A descriptive theory of the big accounting firm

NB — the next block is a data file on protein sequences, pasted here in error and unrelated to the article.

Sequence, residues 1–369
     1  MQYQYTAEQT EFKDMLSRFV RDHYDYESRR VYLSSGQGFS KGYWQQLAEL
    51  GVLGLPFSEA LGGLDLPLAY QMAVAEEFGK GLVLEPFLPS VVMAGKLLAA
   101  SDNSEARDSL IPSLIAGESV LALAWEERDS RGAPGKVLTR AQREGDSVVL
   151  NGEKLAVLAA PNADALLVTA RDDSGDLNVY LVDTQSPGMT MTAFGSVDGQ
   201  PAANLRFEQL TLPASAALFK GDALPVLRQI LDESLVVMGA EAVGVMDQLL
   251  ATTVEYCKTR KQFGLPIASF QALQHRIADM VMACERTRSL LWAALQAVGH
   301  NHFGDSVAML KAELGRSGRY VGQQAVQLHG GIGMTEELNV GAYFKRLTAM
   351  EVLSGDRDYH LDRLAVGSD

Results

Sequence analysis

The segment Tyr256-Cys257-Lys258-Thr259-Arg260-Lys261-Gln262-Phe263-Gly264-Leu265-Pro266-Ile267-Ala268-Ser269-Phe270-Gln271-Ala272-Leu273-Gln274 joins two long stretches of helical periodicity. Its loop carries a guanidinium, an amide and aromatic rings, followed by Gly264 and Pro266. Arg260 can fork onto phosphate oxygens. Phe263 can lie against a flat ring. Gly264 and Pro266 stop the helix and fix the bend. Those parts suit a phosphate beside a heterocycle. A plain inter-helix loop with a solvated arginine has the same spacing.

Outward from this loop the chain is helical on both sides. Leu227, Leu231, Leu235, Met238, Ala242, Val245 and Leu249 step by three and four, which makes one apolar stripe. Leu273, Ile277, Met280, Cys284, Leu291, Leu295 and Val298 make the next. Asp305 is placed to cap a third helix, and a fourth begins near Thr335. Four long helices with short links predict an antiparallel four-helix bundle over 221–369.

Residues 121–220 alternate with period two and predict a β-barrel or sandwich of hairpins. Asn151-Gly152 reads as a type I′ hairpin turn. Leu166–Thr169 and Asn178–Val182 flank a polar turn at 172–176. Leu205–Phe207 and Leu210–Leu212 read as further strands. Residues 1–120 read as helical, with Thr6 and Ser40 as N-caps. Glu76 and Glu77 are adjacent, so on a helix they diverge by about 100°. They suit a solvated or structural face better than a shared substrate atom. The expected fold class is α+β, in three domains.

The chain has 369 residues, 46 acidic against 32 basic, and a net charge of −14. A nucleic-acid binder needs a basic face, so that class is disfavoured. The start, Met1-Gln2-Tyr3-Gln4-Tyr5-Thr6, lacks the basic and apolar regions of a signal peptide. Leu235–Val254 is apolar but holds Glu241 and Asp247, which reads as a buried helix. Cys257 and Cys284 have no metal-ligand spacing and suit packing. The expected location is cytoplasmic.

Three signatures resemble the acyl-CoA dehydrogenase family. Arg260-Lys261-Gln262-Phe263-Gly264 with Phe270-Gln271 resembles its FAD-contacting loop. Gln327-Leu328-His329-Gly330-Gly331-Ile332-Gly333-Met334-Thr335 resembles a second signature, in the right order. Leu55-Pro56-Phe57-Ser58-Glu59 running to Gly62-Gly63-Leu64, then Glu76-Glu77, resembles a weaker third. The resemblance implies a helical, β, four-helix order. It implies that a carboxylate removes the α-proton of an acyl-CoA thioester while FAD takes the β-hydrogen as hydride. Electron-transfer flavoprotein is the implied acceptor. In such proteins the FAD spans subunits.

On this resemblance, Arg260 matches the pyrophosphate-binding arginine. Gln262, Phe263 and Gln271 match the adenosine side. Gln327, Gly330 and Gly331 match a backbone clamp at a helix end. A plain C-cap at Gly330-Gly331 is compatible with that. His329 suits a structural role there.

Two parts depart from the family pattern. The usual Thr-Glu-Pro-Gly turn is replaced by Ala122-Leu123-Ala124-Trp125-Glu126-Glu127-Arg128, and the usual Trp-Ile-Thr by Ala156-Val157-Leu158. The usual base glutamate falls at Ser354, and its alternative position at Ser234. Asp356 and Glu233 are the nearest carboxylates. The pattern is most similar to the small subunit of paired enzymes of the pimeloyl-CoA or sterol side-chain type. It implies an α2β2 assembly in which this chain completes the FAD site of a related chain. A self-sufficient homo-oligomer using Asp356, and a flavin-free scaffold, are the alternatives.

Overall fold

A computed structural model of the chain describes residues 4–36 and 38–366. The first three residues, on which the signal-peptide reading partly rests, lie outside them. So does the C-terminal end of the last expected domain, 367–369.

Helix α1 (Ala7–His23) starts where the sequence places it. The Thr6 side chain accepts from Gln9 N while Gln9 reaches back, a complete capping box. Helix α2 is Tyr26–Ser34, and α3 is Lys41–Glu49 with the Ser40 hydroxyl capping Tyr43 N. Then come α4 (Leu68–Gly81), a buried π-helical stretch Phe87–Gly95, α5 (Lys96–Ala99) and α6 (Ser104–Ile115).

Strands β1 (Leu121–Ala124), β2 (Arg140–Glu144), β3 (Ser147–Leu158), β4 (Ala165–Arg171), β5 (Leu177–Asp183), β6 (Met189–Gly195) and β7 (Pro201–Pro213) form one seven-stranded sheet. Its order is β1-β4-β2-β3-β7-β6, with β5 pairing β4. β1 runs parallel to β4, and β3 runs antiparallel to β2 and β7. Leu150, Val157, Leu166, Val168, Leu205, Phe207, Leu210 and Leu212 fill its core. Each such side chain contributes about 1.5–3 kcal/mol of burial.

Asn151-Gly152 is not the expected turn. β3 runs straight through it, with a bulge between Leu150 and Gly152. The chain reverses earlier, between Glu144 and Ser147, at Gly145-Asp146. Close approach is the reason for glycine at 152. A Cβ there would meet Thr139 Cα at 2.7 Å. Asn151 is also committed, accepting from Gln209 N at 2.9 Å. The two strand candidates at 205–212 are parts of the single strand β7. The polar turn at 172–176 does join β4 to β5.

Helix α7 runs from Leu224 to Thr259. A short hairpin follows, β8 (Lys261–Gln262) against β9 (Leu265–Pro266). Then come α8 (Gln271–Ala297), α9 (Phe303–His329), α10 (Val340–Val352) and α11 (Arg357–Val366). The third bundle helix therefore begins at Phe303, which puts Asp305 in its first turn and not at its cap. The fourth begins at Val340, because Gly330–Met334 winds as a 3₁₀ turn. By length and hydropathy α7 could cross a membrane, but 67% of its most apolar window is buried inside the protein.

This is an accounting dissertation, whose subject is the type of firm that dominated accounting developments in the UK and the US for most of the 20th century. Its focus is theory creation and most of the dissertation exposition does not focus on the theory per se. Instead, most of the exposition is devoted to communicating the pathway of the reflexive interpretation of the empirical materials relied on. Thus, the last chapter is the theory chapter, as it is the culmination and conclusion of theory creation. Theory creation relied on a qualitative research methodology (bricolage) that combined a specific concept of reflexivity, developed by Alvesson and Skèoldberg (2000) with a specific approach to engaging with empirical materials developed by Strauss and Corbin (1990). The empirical materials were drawn from three types of sources referencing the big accounting firms, academic research, the histories commissioned by the big firms and the intermittent disclosures of quantity 'stories' about the commercial operations of the firm. The theory created is an assembly of constructed concepts synthesising the various levels of reflexive interpretation of the empirical materials. It communicates a different vision of the firms; they are seen as a type of capitalist firm that has at least six enduring characteristics, all related to commercial action. These are capital management services production, client-focussed geographical orientation, partnership form, ethnic affiliation, prestige and knowledge base.